Exhibitions have been taking place all over Prague recently to commemorate the Warsaw-Pact invasion of Czechoslovakia on August 21, 1968. But perhaps the biggest of all the displays was unveiled on Thursday, exactly 40 years after the Soviet tanks rolled in. ‘… And the tanks arrived’ sees Prague’s National Museum – to this day a symbol of the occupation – returned to the way it looked in 1968. For one month only, a 1960’s-style kiosk, vintage cars, and of course, a Soviet tank stand outside the museum.
The front of the National Museum has been totally transformed for this exhibition. I’m standing here and on one side of me there is a tank, which is currently covered in people dressed up in the uniforms of Soviet troops dating from 40 years ago. And then to my left there is a wall which is covered in very angry slogans. If I translate a few then there is one which says ‘run away home Ivan, back to Natasha’, and there is another that says ‘soviet exports: tanks, lead and death’. So these are recreations of the original graffiti scrawled all over central Prague, and they will be on display here until the end of September, so that people who walk past the museum can really understand how it looked and felt at that time.
To mark the opening of the exhibition ‘… And the tanks arrived’, a noisy corps of military vehicles speed across the top of Wenceslas Square. When the din has died down a bit, I ask the head of the National Museum, Michal Lukes, why he decided to put on such a show:“It is very simple, because this is a very important and interesting moment of Czech and Slovak history. And so the National Museum has prepared this exhibition, which has two parts – one inside and one outside. Outside we have made a sort of show with tanks and posters and cars and buses, because we want people to connect with the atmosphere of the era. And then inside is an exhibition which we commissioned historians to make. There are lots of interesting photos there, and texts and interesting artifacts which originally belonged to Alexander Dubcek and Jan Palach and so on.”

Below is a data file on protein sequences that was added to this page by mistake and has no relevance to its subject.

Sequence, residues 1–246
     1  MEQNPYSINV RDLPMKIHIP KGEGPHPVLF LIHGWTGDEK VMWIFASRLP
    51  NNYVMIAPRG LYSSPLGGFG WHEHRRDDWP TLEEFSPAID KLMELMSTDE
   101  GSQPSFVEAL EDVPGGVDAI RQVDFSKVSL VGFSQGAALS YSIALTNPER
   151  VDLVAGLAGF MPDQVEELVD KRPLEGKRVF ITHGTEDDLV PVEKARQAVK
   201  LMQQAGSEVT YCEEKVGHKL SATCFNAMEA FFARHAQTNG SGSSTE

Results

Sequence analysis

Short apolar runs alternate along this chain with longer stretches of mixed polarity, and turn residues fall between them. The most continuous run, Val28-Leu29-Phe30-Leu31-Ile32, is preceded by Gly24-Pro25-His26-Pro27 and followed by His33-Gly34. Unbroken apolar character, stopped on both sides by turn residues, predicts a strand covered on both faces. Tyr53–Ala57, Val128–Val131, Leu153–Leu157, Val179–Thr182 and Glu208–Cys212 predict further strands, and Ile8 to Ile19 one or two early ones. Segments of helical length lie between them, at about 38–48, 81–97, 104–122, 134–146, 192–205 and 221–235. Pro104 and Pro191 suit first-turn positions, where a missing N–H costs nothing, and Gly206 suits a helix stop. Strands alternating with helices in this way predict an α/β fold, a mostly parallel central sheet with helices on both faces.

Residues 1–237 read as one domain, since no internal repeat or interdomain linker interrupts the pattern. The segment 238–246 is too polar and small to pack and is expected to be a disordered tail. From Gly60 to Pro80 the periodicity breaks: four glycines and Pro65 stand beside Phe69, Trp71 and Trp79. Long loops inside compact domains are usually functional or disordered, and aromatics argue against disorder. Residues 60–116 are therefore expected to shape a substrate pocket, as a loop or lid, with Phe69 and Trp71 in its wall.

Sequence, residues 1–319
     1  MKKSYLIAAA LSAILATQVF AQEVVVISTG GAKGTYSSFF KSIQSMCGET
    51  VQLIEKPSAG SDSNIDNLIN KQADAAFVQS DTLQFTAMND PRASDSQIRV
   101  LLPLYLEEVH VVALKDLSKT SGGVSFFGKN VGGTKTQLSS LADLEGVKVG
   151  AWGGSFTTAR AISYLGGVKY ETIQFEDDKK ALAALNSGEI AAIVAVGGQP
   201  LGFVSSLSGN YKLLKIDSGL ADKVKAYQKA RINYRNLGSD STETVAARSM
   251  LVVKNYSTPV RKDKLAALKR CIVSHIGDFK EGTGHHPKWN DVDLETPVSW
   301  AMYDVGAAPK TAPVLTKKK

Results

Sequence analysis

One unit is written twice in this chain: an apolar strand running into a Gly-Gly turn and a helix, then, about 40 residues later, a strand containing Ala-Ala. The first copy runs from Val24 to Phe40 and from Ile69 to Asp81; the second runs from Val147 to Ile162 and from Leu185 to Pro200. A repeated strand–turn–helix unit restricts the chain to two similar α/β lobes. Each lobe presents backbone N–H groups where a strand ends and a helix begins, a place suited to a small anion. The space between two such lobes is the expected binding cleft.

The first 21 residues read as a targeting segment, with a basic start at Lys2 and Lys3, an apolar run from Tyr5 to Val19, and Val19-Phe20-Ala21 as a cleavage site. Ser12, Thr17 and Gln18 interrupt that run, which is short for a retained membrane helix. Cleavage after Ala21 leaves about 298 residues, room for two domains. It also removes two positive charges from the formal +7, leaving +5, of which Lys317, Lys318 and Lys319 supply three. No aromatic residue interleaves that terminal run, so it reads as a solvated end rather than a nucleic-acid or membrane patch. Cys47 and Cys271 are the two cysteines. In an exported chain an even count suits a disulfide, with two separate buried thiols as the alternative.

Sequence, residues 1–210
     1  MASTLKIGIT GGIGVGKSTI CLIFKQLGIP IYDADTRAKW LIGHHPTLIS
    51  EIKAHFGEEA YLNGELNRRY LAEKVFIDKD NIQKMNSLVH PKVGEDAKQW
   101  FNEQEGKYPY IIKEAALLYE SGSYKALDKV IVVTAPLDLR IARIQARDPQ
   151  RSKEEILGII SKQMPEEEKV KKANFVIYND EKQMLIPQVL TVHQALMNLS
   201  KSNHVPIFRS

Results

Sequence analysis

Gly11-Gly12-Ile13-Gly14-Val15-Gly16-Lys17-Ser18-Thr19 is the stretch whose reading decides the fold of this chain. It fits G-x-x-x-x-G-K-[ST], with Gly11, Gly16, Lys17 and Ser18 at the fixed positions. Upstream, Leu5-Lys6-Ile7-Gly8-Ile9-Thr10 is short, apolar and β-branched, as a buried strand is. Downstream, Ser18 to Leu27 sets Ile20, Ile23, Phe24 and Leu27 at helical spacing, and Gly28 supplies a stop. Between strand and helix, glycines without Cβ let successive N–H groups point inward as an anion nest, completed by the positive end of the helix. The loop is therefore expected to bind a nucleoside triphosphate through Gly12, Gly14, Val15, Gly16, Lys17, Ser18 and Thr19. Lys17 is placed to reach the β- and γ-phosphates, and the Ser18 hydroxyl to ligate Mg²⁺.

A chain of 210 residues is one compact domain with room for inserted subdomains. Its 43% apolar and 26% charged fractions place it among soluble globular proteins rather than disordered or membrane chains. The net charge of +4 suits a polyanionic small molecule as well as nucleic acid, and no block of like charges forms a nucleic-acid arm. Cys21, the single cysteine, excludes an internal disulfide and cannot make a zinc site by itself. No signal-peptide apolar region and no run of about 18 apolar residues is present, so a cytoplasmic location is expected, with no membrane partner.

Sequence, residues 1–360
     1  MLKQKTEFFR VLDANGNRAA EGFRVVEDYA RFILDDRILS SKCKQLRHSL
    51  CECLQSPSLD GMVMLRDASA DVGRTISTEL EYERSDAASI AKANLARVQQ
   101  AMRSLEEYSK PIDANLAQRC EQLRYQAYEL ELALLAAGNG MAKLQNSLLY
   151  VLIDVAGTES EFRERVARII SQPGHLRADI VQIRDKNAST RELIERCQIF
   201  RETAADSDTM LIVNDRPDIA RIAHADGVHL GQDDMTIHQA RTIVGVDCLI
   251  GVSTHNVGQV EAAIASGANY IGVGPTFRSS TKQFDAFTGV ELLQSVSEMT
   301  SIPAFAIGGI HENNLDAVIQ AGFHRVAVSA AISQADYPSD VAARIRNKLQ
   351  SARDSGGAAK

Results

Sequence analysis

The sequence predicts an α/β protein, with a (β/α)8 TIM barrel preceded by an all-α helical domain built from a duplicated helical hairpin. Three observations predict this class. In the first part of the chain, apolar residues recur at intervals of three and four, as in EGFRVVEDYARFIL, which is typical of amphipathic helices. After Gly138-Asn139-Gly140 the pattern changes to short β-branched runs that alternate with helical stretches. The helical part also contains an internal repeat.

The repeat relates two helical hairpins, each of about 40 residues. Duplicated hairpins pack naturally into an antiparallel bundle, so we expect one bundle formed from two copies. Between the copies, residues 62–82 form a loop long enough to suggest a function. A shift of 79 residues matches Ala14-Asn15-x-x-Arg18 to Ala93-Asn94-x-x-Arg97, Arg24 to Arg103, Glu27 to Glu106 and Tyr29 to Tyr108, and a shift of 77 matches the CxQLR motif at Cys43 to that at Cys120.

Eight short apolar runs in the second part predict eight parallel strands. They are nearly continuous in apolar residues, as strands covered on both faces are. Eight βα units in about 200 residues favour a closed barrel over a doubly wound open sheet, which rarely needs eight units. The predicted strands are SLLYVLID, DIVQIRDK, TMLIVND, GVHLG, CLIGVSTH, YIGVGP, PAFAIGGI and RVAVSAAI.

And is it fair to say that the National Museum itself played an important role in the events of August 21, 1968?“Yes, this is true, the National Museum has become perhaps one of the main symbols of this occupation, of this invasion. On August 25, Soviet troops fired at the museum, and we can see traces of this shooting still today. So it is true that when people think of the invasion, they often think of the National Museum.”
The exhibition itself is a good mix of multimedia and artifacts from the time. Footage of the Prague Spring and the subsequent invasion is played above display cases housing Czech Communist Party leader Alexander Dubcek’s sunglasses and historical items damaged during the occupation. The exhibition runs until September 30.
Photo: Štěpánka Budková